For any given ID, if there is in fact a direct source where this can be pulled from (e.g. GitHub's GHSA repo in OSV format), then this should be trusted over other sources that provide metadata for the same ID. If some other database wants to provide metadata for the same vulnerability, then they should get/use their own ID. This will make updates and keeping things in sync a lot easier. 

CVEs are an exception, because they're rather overloaded -- if those are the primary key for a source, then perhaps it makes sense to assign them their own GSD to disambiguate them?

I think there's a disconnect in this answer. I'm not suggesting the GrypeDB data be treated as authoritative. It will exist in a namespace in GSD. This data is supplementary to the authoritative sources. The real add in this data is the affected versions, the rest is mostly irrelevant to be honest because we will want the authoritative copy.

That said, I think this answers my question. Overloading existing identifiers is wrong. I think we should treat every source as its own authority and capture that data whenever possible.

For example: rather than trying to untangle which CVEs a GHSA might reference, we should log the CVEs and GHSA separately then we can rely on aliases to connect things.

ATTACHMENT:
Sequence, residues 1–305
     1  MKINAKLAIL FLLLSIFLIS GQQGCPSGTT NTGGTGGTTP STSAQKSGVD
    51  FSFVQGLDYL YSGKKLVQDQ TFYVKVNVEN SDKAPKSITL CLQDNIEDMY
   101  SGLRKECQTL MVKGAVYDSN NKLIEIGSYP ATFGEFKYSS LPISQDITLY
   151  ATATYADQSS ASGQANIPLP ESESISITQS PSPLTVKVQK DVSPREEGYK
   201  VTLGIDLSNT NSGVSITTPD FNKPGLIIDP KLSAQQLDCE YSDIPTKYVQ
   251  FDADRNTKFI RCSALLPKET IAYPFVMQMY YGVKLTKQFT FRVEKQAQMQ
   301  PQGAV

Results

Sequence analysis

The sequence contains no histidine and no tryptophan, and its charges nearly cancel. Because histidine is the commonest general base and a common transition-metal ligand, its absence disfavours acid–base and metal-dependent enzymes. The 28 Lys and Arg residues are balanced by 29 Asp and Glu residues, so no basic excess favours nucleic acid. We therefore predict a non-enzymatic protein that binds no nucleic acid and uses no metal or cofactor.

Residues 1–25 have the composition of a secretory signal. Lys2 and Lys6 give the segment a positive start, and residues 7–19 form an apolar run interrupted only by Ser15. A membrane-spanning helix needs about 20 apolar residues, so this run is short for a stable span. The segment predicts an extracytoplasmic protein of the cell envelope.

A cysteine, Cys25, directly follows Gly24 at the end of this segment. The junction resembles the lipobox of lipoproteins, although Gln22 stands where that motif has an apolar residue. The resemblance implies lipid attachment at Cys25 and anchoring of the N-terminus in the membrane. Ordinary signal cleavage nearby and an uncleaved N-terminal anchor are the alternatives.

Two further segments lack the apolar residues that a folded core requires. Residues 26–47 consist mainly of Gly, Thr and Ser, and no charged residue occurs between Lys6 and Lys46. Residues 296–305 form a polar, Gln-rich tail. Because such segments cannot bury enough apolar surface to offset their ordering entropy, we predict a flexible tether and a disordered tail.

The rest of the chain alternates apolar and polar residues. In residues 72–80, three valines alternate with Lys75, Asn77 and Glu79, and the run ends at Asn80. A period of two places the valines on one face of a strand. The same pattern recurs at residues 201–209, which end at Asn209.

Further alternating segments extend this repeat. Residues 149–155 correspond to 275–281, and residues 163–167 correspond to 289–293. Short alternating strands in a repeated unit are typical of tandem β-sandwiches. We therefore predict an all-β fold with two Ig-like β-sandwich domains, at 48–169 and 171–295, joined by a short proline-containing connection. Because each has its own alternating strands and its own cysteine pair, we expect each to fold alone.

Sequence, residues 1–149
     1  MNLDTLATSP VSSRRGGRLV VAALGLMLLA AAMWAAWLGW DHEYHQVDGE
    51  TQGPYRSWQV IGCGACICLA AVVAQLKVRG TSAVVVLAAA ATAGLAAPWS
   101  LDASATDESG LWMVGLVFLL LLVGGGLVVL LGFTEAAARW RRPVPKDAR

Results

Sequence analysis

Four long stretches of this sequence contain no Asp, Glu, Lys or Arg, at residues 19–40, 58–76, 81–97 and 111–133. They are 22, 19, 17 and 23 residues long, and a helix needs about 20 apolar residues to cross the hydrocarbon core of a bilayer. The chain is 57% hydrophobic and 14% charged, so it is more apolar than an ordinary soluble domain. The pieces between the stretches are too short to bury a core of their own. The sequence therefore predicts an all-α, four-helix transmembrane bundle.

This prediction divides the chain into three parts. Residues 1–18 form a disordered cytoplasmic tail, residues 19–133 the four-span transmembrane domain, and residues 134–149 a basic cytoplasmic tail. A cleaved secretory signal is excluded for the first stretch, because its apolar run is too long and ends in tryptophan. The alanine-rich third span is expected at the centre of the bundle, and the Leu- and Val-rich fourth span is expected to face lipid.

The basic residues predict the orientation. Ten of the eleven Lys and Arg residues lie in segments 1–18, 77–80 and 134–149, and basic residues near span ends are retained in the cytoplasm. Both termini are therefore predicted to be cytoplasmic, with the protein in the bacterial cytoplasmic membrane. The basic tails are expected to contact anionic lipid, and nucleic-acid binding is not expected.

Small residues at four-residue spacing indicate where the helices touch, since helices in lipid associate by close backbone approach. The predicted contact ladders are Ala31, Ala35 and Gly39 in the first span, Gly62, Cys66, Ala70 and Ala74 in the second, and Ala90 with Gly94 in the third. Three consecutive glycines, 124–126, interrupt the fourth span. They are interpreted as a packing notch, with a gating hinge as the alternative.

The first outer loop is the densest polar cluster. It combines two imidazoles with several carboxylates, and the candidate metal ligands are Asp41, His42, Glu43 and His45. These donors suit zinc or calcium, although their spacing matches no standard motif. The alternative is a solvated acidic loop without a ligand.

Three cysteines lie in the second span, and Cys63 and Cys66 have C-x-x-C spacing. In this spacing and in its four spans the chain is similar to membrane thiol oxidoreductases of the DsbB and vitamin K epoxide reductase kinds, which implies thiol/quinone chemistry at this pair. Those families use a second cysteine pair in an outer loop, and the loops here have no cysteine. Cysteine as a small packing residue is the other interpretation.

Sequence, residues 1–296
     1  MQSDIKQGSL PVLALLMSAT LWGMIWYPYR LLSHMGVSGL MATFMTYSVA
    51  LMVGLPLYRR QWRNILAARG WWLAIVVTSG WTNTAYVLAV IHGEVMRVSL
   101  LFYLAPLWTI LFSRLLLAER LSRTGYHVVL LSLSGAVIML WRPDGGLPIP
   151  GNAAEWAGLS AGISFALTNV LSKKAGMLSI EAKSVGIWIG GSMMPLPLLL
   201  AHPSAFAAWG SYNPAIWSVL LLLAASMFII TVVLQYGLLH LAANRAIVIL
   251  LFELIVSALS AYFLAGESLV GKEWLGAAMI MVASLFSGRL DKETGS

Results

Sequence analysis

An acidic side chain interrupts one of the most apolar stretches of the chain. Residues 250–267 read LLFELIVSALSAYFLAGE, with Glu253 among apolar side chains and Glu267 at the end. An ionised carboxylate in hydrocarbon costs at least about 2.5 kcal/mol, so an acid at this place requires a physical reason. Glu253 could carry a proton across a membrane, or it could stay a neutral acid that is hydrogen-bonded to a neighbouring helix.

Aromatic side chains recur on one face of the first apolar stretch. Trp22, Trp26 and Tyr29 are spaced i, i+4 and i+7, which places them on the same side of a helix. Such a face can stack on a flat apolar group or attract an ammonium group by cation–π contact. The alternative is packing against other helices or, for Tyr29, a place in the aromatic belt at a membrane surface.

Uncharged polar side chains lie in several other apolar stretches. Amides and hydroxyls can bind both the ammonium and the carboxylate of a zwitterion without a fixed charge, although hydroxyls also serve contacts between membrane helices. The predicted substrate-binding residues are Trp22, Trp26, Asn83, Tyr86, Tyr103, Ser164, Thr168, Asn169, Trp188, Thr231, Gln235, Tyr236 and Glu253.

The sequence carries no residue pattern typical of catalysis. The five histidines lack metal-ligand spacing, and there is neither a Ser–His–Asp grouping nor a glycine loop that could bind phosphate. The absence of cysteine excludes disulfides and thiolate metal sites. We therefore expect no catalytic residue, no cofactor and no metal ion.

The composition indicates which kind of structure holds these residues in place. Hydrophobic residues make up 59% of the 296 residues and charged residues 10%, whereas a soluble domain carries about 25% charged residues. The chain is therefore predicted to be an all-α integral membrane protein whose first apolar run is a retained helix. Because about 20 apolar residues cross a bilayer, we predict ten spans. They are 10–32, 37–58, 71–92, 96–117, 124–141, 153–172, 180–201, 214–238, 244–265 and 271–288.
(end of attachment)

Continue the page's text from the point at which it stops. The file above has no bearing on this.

-- 
     Josh

Weston Steimel

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Apr 6, 2022, 11:51:39 AMApr 6
to GSD Discussion Group, Josh Bressers, GSD, Oliver Chang
OSV uses the source identifiers as the primary id for the record when available and then uses the aliases and related fields to reference other identifiers.  The currently used prefixes and original sources of data are identified at https://ossf.github.io/osv-schema/#id-modified-fields.  I have thought it'd be really cool to get all of the various linux distro feeds also exporting OSV format to osv.dev at least, but haven't yet had time to work on that.  Perhaps that is something Oliver has already been considering? 

Thanks,
--Weston Steimel